Powered by MOMENTUM MEDIA
Subscribe to our newsletter SIGN UP
Progress on new tax residency rules, but tax experts fear more complexity

Progress on new tax residency rules, but tax experts fear more complexity

The Board of Taxation has released its consultation guide for its review of income tax residency rules for individuals but fears remain over the proposed changes possibly increasing complexity instead of reducing it.

Tax&Compliance Jotham Lian 26 September 2018

In July, the Board of Taxation released its report on its review of income tax residency rules for individuals, finding that the current rules were uncertain, imposed an inappropriately high compliance burden and are perceived to be subjective.

The latest consultation on the design of new residency rules follows from the government’s impartiality on the board’s recommendations, instead asking for further consultation on the proposed changes.

The board has recommended a simplified test in a two-step model, namely a primary “days count” bright line test, and a secondary test taking into account individual circumstances, which leverages some existing case law, as well as international practices.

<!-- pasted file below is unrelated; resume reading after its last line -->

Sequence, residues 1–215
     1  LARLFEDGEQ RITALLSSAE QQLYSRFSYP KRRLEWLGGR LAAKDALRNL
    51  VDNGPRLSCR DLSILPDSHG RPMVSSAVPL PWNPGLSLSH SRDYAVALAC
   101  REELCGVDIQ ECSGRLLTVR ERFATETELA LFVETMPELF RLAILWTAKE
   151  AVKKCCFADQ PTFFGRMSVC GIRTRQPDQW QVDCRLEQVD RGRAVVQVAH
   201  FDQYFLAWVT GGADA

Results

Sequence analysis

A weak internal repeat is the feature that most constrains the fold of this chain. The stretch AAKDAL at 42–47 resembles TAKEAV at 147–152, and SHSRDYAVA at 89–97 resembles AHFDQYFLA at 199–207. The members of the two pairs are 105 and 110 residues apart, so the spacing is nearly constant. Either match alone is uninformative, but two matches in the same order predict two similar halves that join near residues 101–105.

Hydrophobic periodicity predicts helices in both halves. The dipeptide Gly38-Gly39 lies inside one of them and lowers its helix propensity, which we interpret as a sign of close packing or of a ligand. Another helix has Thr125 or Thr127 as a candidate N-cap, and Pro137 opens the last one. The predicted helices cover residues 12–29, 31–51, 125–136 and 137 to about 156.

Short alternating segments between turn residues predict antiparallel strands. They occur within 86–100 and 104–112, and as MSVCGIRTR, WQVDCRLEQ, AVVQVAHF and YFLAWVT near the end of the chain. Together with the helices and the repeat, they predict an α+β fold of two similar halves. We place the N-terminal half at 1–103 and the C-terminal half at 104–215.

Speaking to Accountants Daily, the Tax Institute’s senior tax counsel, Professor Robert Deutsch said that while the current rules were far from perfect, he was unsure if the recommendations would achieve the objective of certainty.

“At one level this seems to be a reasonable approach but in many ways it is simply a case of rearranging the deck chairs on the Titanic,” said Professor Deutsch.

“Currently we have a bright line test in the form of the 183 day test but it is subsumed within the other tests that focus on individual circumstances. I am not sure what will be achieved by making the 183 day rule the primary test and everything else secondary especially if the secondary can override the primary.

“The suggested secondary tests are starting to sound quite involved and complicated, for example, the suggestion we might introduce a further new concept of a ‘temporary non-resident’,” he added.

“This is a concept borrowed from the UK – I would not want to see us adopt a complex set of detailed legislative rules along the lines of what appears to have happened in the UK where the statutory rules stretch to some 65 pages. That would be a case of legislation gone mad and while the solutions offered by the board don’t go that far they could easily turn into that once put into the hands of a parliamentary draftsman.”

The board will undertake roundtable consultations in October and will accept written submission until 26 October 2018. Interested stakeholders are encouraged to participate, with information available on the board’s website.

This email address is being protected from spambots. You need JavaScript enabled to view it. 

Progress on new tax residency rules, but tax experts fear more complexity
accountantsdaily logo
Tax&Compliance
FROM THE WEB